Without exports, market depends on growers trading of corn decision

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corn

Porto Alegre, April 2, 2024 – The release of the Planting Intention report by the United States Department of Agriculture (USDA) offers the start of the 2024 US crop and the price guidance curve in the international market. The weather between April and September will be preponderant in consolidating a production number for price convergence to a new balance point in the 2024/25 cycle. The next big data will be released in May, with the first supply and demand picture for the next business year. In this environment, Brazil will need to carry out its exports, with greater competition with Argentina, with high US stocks, and low international prices. The port calculation is always very clear for the Brazilian domestic market, which needs to remove 40 mln tons internally for exports this year, of course still depending on the size of the 2024 crop. This reality is cruel to Brazilian growers but should be considered as the main reference from now on, that is, BRL 55/57 per bag at ports from June to September. Without exports, would the domestic market be able to sustain prices above export parity? For some time, yes, but as soon as large buyers fill their warehouses, the market will inevitably have to converge toward exports. Currently, attempts are being made to implement this bias of the domestic market being more expensive than the foreign market, in business on B3, the Brazilian futures exchange, a situation that should be normalized as soon as the early and satisfactory crop from Mato Grosso begins to be reaped from May.

The US GDP for the 2024 quarter came above expectations, at 3.4%. The consumer price index (PCE), core inflation, is expected at 2.8% for the last twelve months, basically the same level as the previous month. In short, above the Fed’s inflation target and without inflationary control.

These data corroborate the decisions adopted by the Fed in recent meetings. Strong economic activity along with inflation still resistant to ranging within the annual target justify the decisions not to cut interest rates early and not yet signal a short-term bias for the cut. Perhaps the precociousness was to affirm and project two interest cuts in 2024 without consistency of this inflationary convergence toward the Fed target. What if it is not possible to cut interest rates this year? The increase in the US domestic debt and the little incentive to buy long-term bonds from the market due to unattractive interest rates could be an important indicator in the future for resistance to cutting the prime interest rate.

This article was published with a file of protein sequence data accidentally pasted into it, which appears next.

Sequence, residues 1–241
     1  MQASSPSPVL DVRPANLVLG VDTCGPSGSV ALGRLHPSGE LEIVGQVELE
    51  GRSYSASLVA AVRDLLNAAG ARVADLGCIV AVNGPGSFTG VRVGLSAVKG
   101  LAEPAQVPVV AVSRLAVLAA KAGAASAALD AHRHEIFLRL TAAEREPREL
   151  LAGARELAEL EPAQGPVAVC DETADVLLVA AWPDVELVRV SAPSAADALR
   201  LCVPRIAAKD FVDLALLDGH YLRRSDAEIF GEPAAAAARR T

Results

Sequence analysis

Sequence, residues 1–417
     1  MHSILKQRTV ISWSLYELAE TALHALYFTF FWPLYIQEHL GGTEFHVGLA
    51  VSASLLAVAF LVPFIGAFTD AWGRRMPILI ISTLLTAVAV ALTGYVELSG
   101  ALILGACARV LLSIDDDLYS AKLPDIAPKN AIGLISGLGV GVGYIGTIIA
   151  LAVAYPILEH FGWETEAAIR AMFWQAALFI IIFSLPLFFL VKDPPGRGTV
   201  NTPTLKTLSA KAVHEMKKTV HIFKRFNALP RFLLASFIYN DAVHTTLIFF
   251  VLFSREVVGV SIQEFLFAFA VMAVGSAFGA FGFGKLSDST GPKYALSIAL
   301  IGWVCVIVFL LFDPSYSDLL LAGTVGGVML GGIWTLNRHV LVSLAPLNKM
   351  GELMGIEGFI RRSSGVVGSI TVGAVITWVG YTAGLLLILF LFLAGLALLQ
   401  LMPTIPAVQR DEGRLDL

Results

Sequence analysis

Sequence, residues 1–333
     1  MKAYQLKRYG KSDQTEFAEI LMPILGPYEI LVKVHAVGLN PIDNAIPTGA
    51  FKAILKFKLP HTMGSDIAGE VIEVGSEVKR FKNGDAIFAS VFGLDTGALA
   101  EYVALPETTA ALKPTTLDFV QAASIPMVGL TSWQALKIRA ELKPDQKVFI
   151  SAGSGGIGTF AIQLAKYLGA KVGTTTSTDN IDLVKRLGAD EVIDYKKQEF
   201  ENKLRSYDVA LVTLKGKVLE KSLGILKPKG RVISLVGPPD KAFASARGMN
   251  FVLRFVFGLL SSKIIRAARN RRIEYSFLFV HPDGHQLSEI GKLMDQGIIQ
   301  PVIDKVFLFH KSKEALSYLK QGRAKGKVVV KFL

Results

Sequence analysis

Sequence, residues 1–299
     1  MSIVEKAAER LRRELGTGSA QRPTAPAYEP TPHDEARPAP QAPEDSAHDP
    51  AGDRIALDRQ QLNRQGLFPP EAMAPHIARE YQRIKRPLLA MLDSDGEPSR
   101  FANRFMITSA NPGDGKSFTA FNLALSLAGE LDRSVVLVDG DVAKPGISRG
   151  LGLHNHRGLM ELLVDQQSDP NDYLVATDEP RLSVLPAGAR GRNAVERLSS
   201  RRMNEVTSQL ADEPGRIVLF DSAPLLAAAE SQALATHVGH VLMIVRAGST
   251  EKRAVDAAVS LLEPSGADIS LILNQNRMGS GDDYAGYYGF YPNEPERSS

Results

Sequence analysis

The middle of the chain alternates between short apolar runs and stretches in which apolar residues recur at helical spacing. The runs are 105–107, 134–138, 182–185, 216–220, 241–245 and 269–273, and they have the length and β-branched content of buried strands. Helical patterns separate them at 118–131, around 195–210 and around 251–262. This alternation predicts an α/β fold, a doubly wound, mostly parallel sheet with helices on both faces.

While interest rates do not accentuate a downward bias, the dollar, measured by the dollar index, remains firm at 104 points and will need plenty of positive information for US inflation to return to 100 points. The devaluation of the dollar against other currencies only tends to occur with consistent information about interest rate cuts in the United States. And this information goes through inflation and economic activity. In this first week of April, employment data for March will be released. A still consistent level of employment could even send the dollar back to new highs.

In Brazil, the fiscal environment is shaping up to be another disaster in 2024. The federal government’s primary deficit stood at BRL 58.4 bln, a new record. On April 15, the fiscal balance for the first quarter of 2024 will be released. Despite record revenues, given the fiscal crunch, uncontrolled spending puts Brazil on the path to increasing public debt and rising inflation. At some point, the government will be forced to raise interest rates to finance its debt in the market. For this reason, the exchange rate tries not to align a sharp appreciation curve for the real. The 0.5% cut in the Selic rate conflicts with this deficit and inflationary situation. Without control, could the market price in this growing risk more sharply in the exchange rate? There were times when record primary deficit and rising inflation generated speculative surges with sharp lows in the stock market and an escalation of the dollar. Today, it seems that these indicators are no longer part of the foundation of the Brazilian economy.

Copyright 2024 – Grupo CMA